Friday, July 23, 2010

Theorizing Violence in Sport: The Case of Mixed Martial Arts

In late June of this year, mixed martial arts (MMA) experienced its second death due to competition from a regulated event. Tragedies in sport and society are distressing enough for those directly involved. Added media attention does not always help, and in some cases can contribute to families’ and friends’ grief for their deceased loved ones. For this reason, I will not go into detail about the particular event noted (responsible writing on this and a previous death linked to sanctioned MMA can be found here, here, and here). Rather, this tragedy reminded me of the intrinsic competitive nature of sport, MMA’s evolving structure, and how society regulates violence in sport.

First, however, it is important that violence is properly understood and defined. Depending on an individual’s personal background, his or her threshold for violence can vary immensely, to the degree that an event may be considered violent for one individual and not another. A few years ago, for example, dog fighting received extensive media attention as a highly violent, brutal, and cruel practice following the Michael Vick controversy. In Afghanistan, however,
dog fighting as a social institution has risen in popularity since the Taliban’s ousting in 2001. While not all in Afghanistan support the practice, it should not be surprising that violence like this is celebrated among a significant proportion of males, given the country’s war-torn history and lack of entertainment outlets. In short, context is critical to one’s threshold for violence.

World Health Organization defines violence as such:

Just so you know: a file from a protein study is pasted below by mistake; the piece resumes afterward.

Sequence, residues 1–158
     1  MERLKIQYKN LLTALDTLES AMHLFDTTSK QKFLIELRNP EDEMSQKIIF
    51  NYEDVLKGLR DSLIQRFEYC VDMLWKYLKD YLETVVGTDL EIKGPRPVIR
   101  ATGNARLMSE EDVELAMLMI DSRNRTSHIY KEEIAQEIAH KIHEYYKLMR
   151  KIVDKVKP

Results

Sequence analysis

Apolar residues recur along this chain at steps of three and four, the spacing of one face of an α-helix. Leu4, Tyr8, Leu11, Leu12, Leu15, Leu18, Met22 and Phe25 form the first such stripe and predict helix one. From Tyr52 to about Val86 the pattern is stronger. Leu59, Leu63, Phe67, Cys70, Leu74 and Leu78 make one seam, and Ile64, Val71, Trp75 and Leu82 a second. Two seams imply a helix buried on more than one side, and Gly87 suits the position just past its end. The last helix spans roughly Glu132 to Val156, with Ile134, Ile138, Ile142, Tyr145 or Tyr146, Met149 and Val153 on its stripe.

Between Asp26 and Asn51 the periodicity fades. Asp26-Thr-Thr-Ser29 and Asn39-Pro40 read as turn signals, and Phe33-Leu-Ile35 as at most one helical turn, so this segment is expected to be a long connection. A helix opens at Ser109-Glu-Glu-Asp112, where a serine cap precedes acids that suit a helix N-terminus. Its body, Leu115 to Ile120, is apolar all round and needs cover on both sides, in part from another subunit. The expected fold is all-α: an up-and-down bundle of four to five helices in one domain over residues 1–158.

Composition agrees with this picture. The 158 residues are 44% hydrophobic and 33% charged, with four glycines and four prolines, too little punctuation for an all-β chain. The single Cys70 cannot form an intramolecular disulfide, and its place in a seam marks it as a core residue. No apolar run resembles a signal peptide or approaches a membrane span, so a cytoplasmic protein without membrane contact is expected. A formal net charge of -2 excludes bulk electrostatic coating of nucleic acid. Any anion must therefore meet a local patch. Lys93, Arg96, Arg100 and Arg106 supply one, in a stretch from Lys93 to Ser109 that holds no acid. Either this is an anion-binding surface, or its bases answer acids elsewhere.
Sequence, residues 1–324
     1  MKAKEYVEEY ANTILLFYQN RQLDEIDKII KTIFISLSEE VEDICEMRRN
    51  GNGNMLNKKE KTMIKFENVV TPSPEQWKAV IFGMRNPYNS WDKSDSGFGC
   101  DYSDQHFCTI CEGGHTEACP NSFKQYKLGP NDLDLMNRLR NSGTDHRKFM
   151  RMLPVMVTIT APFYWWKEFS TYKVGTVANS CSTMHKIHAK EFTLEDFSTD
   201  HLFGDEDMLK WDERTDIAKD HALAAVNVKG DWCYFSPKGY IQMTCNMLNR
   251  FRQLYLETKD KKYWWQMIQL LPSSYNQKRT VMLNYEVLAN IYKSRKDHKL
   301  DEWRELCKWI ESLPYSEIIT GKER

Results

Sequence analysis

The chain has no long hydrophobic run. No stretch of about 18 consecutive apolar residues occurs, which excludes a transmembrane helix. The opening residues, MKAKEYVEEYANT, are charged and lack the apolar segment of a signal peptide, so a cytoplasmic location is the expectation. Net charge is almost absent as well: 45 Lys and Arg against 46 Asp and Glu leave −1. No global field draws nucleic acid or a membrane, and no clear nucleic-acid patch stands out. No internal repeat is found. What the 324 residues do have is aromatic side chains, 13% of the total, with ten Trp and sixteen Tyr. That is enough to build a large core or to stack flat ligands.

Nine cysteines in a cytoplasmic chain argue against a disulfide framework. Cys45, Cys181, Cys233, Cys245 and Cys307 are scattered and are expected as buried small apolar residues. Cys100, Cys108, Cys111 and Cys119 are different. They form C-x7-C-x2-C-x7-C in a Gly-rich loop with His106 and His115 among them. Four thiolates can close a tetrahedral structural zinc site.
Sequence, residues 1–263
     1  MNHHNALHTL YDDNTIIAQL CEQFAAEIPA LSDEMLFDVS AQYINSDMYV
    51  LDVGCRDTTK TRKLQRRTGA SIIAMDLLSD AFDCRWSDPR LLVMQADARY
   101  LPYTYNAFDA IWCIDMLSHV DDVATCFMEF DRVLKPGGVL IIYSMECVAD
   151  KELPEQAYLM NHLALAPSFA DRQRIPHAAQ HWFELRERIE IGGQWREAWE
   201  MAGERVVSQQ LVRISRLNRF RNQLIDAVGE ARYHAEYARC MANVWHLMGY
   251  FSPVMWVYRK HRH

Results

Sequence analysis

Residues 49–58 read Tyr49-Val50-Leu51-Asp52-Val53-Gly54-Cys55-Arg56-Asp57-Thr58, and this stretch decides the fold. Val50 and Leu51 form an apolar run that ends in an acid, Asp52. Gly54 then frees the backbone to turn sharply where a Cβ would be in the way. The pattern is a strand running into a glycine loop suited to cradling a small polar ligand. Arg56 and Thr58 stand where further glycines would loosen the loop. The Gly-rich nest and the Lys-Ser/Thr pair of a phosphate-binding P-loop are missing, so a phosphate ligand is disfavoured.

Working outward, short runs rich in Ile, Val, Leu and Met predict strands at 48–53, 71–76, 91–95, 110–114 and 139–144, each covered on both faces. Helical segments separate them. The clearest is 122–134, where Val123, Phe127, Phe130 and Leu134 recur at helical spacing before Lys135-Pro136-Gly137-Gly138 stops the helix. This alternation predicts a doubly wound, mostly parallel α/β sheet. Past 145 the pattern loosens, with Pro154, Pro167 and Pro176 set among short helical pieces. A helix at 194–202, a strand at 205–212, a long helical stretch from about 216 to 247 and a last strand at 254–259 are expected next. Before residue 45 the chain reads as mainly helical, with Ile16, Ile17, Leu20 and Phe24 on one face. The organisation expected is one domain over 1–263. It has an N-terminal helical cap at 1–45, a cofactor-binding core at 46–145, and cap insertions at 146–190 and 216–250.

The intentional use of physical force or power, threatened or actual, against oneself, another person, or against a group or community, that either results in or has a high likelihood of resulting in injury, death, psychological harm, maldevelopment or deprivation. (p. 6).

If applying this definition to sport, and to MMA specifically, MMA is at its core, violent. Injuries, even death, are a risk in all sports. Even in non-contact sports, such as long distance running, deaths occur on occasion (though the absolute number of long distance runners is massive in comparison to MMA). However, in most sports, there is not intent to harm. In combat sports, "the intentional use of physical force…against…another person" is required and formally sanctioned.

Furthermore, MMA competitions have a high likelihood of injury.
Research published in peer-review academic journals has noted that MMA competitions yield injuries similar in prevalence to other combat sports, typically facial lacerations, contusions, and joint injuries. This of course, does not automatically mean MMA is the most violent or dangerous sporting practice, but to deny its potential for brutality would be remiss.

The danger in MMA’s structure lies in its under-funded feeding grounds. Within the United States, prominent MMA organizations such as the Ultimate Fighting Championship (UFC) and Strikeforce have the resources and existing infrastructure to prevent, or at least minimize, the most serious, tragic levels of violence. Earlier this year UFC welterweight contender, Thiago Alves, was
forced to withdraw from competition because of a discovered brain irregularity. These and other medical procedures (e.g., thorough blood work) cost money that smaller, regional organizations and local fighters may not be able to afford on a consistent basis.